– When the egg shells are fully crushed is it time for you, patterning on Damien Hirst’s ”after sales” service, to provide the owner with replacement egg shells?
– Maybe. For me, the dust carries as much weight as the larger shells, maybe more. I like the idea of things continuing to grow and change in the work – this state of things in flux and process, so that even in their ostensible stasis in the exhibition, the sculptures remain dynamic as they are transformed through chance operations.
– You have singled out lots of beautiful natural materials in your heart-shaped structures: moss, honey, exotic butterflies which were also present in your previous exhibitions at Lilljevachs museum in Stockholm and Lemmons contemporary in NY. You have started to use bark, shell enamel, tiny stones, sea salt all coming from the Finnish nature…
There’s such a rich natural environment here in Finland, and I take a lot of walks in the forests, where I find particular materials that make sense within the conceptual narratives of the sculptures I am working on. These walks, the thoughts they bring up, the ideas they inspire, the materials I come upon – go directly into the work.
– What is your next step?
– I will be exhibiting some work in Berlin in November and I have a new large-scale installation I have begun working toward and… We’ll have to see…
Joanne Grüne-Yanoff’s installation You Walk On My Heart And The Beat Goes On is an invitation to actually enter an artistic universe. The works that comprise the exhibition are in the shape of the human heart, and many are transparent, with selections of organic materials secreted inside. These works carry the possibility to establish an interactive relation with them: physically by walking around each and exploring angles to look at the forms and what they hold, even intricating our own movements into their timeless suspension for avoiding or confronting them, and mentally by participating in the ineluctably subtle, candid life cycle of her art work. Living in Finland has enriched her work with questions about the nature of identity and the identity process deriving from looking closely at nature, issues which are essential under our Northern latitudes.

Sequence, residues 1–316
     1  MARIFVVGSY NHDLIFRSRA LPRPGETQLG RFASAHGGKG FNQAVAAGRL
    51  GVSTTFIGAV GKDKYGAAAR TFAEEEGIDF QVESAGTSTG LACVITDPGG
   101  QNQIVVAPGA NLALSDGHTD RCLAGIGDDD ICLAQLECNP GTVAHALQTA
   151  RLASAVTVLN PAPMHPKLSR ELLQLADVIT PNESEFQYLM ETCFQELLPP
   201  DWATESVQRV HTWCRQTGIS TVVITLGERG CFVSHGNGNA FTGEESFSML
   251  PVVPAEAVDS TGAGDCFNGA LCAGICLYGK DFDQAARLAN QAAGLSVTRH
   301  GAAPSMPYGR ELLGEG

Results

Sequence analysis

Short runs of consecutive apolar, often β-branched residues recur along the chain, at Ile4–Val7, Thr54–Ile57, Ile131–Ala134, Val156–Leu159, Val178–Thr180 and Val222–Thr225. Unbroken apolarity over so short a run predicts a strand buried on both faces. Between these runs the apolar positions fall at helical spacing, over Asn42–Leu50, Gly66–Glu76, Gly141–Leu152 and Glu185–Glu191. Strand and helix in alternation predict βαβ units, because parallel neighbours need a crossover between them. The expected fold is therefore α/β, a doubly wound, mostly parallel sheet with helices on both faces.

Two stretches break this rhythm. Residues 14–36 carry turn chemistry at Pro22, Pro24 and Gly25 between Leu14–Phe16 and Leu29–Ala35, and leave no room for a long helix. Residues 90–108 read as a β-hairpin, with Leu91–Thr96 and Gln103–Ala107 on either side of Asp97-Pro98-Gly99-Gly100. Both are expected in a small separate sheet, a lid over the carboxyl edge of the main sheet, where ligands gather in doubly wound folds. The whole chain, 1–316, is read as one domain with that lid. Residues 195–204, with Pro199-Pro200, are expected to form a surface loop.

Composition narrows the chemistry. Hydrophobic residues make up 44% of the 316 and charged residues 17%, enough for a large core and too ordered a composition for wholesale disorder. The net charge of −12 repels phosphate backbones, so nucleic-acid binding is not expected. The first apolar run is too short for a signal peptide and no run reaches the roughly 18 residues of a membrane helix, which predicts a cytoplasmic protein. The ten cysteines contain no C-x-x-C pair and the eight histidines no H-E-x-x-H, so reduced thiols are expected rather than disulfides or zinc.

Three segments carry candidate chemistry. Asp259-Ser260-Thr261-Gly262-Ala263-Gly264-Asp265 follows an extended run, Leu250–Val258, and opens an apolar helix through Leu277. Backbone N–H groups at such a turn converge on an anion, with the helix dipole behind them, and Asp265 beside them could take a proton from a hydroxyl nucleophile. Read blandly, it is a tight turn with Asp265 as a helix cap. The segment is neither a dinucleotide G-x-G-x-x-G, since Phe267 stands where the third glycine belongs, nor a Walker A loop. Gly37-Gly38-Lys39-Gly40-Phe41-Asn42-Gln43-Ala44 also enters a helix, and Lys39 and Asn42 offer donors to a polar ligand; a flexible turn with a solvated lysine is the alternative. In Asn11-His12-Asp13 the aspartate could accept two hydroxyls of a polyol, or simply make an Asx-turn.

When discovering Joanne’s art last May, I truly remained speechless and I am not quite sure I found the words yet but it touched my heart and surely the beat will go on (and on and on…)…
1) Joanne Grüne-Yanoff “You Walk in my Heart and the beat Goes on” exhibition at gallery Kalhama&Piippo from 22nd October to 21st November www.kalhamapiippo.com . To know more about her work, previous exhibitions and acquisitions: www.joannegruneyanoff.com
2) “CREAM – Damien Hirst & contemporaries” at Kiasma museum from 10th September to 7th November www.kiasma.fi
3) the Frieze art festival from 14th to 17th October over 100 London galleries involved in a contemporary art climax – festival founded by Damien Hirst and the YBA www.friezeartfestival.com
IN RELATION TO THIS TOPIC:
Robert Hughes “the Shock of the New” (book) a superb historical introduction to modern and contemporary art issues by a critic who was a close friend to many abstract expressionists.
Robert Hughes “the Mona Lisa curse” (DVD). In the Mona Lisa curse Hughes investigates, among others, why some art collectors go crazy for Wharol, Hirst or Koons – and essentially those. Purely speculative interest or pure love for arts?
Michel Houellebecq “la carte et le territoire”, Flammarion 2010 a realistic fiction full of wit about the contemporary art milieu